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Guidelines for Placing Braille Signage in a Hospital or Medical Facility

Hospitals and other medical facilities need to install braille signs to help blind patients find their way around. The placement of these signs is critical to consider or else they may end up being useless. The following tips will improve your sign installation and help your blind patients move around your hospital with ease.

Don’t Neglect the Federal Placement Requirements

The federal government regulates where hospitals and other medical facilities place ADA signs, including setting signs at a height between 48-60 inches. Braille signs should probably be on the lower end of this range because people will be feeling for them at a hand level. As 48 inches is four feet, this height is more than enough for most signs.

The location of the sign should be on the wall nearest to the latch side of the door. This placement helps blind individuals not only locate the sign but the handle of the door more easily. Installation on a wall away from the handle is okay only if placement near the latch is impossible because a wall or another hard object blocks installation or makes it impossible.

When it comes to double doors, the sign must be installed to the right of the right-handed door. Other criteria, such as where to mount signs on inward swinging or outward swinging doors, are too extensive to touch on here in any great depth. Talk to your ADA representative to better understand these restrictions and to adequately prepare for them.

Use Common Sense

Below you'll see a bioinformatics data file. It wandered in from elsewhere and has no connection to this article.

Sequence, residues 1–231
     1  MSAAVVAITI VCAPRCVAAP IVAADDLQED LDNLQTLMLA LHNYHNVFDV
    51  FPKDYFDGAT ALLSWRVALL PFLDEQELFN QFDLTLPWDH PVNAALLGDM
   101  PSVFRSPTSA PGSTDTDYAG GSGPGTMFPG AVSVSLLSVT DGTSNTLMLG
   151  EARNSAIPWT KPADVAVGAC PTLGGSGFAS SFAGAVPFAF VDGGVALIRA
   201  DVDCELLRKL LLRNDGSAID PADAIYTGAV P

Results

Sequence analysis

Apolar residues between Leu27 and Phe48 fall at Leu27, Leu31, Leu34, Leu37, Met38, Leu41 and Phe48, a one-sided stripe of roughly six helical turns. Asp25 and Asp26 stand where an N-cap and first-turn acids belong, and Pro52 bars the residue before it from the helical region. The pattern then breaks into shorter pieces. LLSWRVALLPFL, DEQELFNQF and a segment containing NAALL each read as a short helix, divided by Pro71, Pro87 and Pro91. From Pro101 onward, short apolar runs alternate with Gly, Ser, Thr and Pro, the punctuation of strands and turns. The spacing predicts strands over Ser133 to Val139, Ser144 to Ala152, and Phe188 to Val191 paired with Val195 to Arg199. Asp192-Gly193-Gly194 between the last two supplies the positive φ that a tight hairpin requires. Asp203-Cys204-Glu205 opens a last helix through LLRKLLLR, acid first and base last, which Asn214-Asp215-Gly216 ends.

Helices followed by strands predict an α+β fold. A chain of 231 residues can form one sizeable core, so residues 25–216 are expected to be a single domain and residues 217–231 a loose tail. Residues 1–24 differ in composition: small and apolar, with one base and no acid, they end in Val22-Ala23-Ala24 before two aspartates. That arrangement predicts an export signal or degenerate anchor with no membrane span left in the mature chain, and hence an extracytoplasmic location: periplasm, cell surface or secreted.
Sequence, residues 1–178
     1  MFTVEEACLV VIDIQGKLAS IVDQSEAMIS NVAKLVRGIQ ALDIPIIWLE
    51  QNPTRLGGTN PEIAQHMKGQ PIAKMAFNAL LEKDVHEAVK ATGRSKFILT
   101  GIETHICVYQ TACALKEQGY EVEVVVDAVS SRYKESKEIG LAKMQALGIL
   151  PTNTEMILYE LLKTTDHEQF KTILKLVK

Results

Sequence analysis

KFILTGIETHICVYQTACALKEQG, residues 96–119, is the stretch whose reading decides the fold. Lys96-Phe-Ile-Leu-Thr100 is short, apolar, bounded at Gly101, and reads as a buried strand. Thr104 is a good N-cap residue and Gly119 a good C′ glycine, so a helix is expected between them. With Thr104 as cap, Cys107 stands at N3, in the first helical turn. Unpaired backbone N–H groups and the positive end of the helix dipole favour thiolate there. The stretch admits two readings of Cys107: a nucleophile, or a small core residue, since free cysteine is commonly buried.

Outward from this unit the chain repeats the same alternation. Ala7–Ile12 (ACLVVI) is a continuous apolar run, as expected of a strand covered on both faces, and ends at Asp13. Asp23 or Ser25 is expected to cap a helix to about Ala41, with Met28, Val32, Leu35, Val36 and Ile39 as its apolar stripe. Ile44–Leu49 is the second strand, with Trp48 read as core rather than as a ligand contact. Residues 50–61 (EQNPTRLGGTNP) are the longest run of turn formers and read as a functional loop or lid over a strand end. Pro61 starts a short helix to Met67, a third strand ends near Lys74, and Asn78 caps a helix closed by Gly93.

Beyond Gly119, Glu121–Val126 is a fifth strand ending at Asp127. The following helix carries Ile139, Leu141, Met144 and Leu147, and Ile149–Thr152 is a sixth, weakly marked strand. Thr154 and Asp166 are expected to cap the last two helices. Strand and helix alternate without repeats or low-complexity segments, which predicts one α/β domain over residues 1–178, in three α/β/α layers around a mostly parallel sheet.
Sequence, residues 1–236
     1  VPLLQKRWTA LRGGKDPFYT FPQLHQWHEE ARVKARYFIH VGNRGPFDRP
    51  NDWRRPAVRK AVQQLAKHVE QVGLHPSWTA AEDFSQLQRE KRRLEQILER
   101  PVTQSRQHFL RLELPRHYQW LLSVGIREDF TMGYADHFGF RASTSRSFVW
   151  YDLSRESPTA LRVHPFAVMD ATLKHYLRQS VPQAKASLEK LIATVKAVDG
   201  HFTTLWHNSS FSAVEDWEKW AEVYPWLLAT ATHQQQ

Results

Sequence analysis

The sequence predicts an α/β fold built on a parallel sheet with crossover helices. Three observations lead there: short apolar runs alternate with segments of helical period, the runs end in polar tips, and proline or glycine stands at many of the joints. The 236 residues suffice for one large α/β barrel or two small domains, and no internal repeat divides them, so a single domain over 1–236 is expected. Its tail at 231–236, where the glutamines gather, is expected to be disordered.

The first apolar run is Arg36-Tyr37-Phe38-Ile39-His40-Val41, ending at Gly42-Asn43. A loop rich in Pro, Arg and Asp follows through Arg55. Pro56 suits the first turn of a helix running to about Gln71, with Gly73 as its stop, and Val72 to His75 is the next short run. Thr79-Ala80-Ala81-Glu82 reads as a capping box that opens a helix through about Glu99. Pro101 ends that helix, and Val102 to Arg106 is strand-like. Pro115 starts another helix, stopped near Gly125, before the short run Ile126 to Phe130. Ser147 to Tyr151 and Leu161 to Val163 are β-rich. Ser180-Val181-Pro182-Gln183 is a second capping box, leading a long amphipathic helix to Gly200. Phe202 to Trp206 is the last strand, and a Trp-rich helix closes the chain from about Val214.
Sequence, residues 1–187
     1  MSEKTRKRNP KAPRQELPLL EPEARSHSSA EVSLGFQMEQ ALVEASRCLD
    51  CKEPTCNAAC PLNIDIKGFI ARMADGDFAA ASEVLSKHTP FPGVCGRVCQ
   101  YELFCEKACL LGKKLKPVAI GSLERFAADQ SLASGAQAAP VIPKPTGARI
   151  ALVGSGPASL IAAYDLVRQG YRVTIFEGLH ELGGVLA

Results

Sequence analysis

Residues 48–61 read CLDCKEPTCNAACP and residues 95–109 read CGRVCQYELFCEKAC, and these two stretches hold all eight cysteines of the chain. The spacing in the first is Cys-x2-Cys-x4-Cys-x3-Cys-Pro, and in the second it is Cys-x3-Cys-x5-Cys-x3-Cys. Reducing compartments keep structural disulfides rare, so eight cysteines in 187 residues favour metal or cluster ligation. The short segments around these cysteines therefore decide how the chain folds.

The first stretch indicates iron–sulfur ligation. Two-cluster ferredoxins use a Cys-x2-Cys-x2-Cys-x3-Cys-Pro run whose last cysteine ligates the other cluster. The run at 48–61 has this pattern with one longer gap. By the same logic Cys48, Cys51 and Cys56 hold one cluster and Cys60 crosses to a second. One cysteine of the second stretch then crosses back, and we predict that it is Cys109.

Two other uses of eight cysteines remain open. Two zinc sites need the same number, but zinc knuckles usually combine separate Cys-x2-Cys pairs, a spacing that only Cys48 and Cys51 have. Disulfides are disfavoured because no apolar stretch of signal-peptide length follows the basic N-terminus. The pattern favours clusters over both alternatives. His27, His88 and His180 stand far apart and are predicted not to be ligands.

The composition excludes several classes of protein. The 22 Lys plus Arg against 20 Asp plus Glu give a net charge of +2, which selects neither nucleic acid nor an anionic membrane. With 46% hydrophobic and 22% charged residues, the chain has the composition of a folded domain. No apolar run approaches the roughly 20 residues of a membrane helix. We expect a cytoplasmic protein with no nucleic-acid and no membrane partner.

Ultimately, the best way to ensure that your braille signs are correctly placed is to use common sense. Simply think about where a blind individual who put their hands when looking for a sign in your hospital. You may want to walk through your facility, when it is closed, with your eyes closed. Feel around the hospital as a blind person would and see where your hands fall.

Naturally, you’re not going to have the same kind of movement behaviors as someone who has been blind for an extended period. These individuals will have a better understanding of how to move around their environment and will have walking sticks and other aides for their movement. However, this exercise can give you a good general idea of what they experience in your hospital.

Use these insights to place your signs in a way that benefits the blind patients who visit your hospital. And, as always, make sure to follow the strict federal regulations on sign placement. These regulations are not put into place merely to annoy you but to serve as a guide for their ideal location. Play around with the range of placement options within the restrictions to find placement locations that work for you.


One Comment

  • Rosie Beckett

    My brother runs a family practice and yesterday he was telling me that he is looking for ways to make his office more accessible to people with disabilities. He is thinking about adding braille signs, and I appreciate all of the important information in this article. Thank you for explaining how important it is to walk around the hospital with your eyes closed and logically think about places where blind people would place their hands.

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